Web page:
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Cell. 2017 Feb 9;168(4):644-656. doi: 10.1016/j.cell.2017.01.002.

Endogenous DNA Damage as a Source of Genomic Instability in Cancer.

Author information

1
Laboratory of Genome Integrity, NIH, Bethesda, MD 20892, USA.
2
Laboratory of Genome Integrity, NIH, Bethesda, MD 20892, USA. Electronic address: andre_nussenzweig@nih.gov.

Abstract

Genome instability, defined as higher than normal rates of mutation, is a double-edged sword. As a source of genetic diversity and natural selection, mutations are beneficial for evolution. On the other hand, genomic instability can have catastrophic consequences for age-related diseases such as cancer. Mutations arise either from inactivation of DNA repair pathways or in a repair-competent background due to genotoxic stress from celluar processes such as transcription and replication that overwhelm high-fidelity DNA repair. Here, we review recent studies that shed light on endogenous sources of mutation and epigenomic features that promote genomic instability during cancer evolution.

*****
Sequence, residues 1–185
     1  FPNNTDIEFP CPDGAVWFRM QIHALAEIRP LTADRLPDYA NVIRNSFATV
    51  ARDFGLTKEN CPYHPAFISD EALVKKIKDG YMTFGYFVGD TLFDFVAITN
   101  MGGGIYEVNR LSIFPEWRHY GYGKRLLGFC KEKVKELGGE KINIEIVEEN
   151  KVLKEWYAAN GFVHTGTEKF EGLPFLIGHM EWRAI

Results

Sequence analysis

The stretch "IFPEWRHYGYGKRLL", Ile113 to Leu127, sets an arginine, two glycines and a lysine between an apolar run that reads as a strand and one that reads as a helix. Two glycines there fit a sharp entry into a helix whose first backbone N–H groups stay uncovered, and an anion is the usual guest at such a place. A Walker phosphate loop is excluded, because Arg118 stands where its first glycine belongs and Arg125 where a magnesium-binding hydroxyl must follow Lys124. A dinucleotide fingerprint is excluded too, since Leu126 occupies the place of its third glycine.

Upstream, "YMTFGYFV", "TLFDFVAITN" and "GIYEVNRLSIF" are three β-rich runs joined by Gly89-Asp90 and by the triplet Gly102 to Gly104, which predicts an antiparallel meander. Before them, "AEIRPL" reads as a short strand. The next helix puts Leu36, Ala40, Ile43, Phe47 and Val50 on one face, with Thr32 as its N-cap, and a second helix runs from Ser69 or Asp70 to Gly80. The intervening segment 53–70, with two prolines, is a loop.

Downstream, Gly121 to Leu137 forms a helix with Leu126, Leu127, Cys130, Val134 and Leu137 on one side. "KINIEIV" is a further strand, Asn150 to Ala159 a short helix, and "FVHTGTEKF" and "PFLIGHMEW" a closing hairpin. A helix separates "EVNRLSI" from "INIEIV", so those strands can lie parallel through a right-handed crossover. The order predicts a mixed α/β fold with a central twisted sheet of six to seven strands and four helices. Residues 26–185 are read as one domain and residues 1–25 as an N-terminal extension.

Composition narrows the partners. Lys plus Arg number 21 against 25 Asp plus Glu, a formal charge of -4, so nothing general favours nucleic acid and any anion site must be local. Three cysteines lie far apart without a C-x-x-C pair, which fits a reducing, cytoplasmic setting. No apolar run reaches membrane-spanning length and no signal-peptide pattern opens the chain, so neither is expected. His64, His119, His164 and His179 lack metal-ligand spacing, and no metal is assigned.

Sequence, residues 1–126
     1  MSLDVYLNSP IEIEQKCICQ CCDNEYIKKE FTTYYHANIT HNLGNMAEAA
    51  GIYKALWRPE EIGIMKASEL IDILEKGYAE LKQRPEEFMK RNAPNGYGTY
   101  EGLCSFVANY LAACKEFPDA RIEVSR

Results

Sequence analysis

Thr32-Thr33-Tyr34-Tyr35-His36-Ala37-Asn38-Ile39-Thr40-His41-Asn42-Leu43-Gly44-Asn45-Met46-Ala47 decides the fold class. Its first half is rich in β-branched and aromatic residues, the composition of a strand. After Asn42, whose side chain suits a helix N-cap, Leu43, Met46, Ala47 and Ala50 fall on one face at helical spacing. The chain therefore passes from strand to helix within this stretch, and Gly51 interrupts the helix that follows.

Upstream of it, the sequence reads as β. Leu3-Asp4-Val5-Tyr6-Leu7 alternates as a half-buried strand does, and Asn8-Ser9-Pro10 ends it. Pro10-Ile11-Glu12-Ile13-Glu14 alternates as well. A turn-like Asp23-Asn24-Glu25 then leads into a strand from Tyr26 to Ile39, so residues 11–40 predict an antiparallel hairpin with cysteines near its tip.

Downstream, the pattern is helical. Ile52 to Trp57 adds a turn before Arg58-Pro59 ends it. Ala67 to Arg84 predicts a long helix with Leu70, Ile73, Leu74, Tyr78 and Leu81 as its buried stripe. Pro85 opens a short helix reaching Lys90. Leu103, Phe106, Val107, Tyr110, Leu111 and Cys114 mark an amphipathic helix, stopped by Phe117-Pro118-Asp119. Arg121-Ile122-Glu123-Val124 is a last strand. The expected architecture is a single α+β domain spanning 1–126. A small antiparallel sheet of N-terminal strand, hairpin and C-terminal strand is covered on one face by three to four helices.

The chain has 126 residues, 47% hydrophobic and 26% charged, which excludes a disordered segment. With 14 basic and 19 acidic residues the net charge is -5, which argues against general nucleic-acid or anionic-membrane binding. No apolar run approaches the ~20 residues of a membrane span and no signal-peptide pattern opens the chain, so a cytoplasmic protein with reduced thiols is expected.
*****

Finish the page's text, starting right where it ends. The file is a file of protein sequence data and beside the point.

KEYWORDS:

DNA damage; DNA repair; DNA replication; Genome instability; cancer; mutagenesis; transcription

PMID:
28187286
DOI:
10.1016/j.cell.2017.01.002
[Indexed for MEDLINE]
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